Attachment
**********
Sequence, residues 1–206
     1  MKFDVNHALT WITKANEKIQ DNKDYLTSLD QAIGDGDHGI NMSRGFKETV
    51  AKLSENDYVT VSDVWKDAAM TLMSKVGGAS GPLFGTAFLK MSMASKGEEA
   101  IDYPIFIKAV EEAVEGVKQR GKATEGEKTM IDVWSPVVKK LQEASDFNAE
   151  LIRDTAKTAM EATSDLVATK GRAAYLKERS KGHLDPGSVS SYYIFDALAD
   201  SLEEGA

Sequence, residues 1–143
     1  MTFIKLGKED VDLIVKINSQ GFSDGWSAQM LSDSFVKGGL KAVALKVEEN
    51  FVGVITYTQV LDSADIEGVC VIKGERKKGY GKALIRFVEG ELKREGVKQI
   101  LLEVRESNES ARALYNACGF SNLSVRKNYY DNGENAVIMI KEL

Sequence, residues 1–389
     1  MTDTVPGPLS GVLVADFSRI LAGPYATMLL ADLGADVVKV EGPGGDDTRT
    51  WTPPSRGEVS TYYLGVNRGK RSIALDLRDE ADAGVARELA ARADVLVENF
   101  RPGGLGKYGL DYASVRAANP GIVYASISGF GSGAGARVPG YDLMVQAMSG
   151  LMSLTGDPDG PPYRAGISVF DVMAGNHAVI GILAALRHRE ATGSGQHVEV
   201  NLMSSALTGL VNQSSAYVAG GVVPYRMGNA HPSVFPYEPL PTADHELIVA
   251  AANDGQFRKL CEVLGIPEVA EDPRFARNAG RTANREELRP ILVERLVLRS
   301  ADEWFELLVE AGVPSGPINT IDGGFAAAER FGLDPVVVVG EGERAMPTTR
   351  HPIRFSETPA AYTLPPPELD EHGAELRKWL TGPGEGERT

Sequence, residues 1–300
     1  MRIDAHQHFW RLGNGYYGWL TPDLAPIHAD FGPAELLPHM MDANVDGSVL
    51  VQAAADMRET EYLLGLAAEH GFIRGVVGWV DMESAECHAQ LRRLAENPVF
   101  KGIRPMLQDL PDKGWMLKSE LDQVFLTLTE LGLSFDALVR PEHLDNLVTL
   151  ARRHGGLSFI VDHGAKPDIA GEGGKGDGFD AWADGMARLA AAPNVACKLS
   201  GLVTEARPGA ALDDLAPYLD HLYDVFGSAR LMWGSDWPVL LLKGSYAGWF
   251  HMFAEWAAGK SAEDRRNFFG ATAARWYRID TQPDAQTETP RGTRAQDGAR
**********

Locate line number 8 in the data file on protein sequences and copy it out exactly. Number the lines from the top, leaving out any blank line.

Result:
     1  MTFIKLGKED VDLIVKINSQ GFSDGWSAQM LSDSFVKGGL KAVALKVEEN